Keep sipping!

Post by Grant Mouton
Self–proclaimed coffee guru, coffee education addict, SCAA/SCAE accredited.
Brand manager at % Arabica.


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16 comments, add your own...


  1. meh says:

    248am is a good name for a coffee blog

  2. Nasser says:

    Hi Grant,

    This is a slightly random question, but how good is the quality of the coffee in the Nespresso capsules?

    If you have an idea

    Keep up the great work

    • Grant Mouton says:

      Hello Nasser,

      Nespresso capsules are tricky for me. What I can tell you is that there has to be additives as the crema on the espresso is directly related to freshness. However, even year old capsules I find produce crema.

      Being that it’s made by Nestle, I imagine the coffee quality is not the highest – that being said I think that Nespresso still outclasses instant coffee as well as most store bought coffee beans.

      It’s important to remember that Nespresso capsules only contain 5.5g of coffee, a standard espresso contains 18-22g, so it will never taste as good.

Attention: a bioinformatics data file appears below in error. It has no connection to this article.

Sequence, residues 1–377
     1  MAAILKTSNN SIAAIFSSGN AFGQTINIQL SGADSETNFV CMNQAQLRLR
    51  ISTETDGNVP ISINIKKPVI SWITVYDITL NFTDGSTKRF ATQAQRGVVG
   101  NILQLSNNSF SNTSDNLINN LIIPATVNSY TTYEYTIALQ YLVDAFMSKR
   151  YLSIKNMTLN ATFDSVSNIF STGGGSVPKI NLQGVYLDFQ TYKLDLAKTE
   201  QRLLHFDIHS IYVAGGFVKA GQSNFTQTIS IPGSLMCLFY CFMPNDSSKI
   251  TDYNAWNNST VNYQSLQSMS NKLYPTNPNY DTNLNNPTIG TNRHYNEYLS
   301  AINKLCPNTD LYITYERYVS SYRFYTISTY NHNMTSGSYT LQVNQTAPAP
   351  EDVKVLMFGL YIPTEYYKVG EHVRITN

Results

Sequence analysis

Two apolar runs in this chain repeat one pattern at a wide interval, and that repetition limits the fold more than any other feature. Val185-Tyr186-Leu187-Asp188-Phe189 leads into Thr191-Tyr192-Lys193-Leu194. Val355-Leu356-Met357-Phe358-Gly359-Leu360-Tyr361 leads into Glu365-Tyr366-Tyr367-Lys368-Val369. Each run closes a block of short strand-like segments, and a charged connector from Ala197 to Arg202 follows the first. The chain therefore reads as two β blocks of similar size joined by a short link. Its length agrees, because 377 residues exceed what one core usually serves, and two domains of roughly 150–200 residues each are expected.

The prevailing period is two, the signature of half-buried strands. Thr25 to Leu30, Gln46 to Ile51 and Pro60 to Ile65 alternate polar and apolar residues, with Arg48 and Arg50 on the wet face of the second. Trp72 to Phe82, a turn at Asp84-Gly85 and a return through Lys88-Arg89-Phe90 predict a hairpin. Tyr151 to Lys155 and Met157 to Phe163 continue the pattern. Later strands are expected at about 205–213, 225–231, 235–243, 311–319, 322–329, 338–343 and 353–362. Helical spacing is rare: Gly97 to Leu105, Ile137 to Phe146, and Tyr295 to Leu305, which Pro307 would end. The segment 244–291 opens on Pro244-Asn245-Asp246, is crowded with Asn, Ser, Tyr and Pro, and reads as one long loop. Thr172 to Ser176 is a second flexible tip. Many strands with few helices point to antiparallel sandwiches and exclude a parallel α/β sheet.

3. SV says:

    You make me want to start drinking coffee by just reading your posts. Great information!

  4. Grant Mouton says:

    It all boils down to consistency, if you consistently drink 5 or 6 cups a day you won’t have problems sleeping, shaking etc. After a two day break you will notice your caffeine tolerance is lower.

    Also, never drink on an empty stomach

  5. Mastic says:

    Hi Grant,

    How can you tell if coffee is burnt?

    • Grant Mouton says:

      Hello Mastic,

      You can tell by looking at the beans: if the surface is shiny and oily it has been burnt.
      When drinking coffee it will taste bitter.

  6. ozzy says:

    Hello Grant,

    It seems as though you’re very knowledgeable on coffee and its process’. However I feel these posts are redundant. Weren’t you talking about good and bad baristas last week, and different methods of preparation?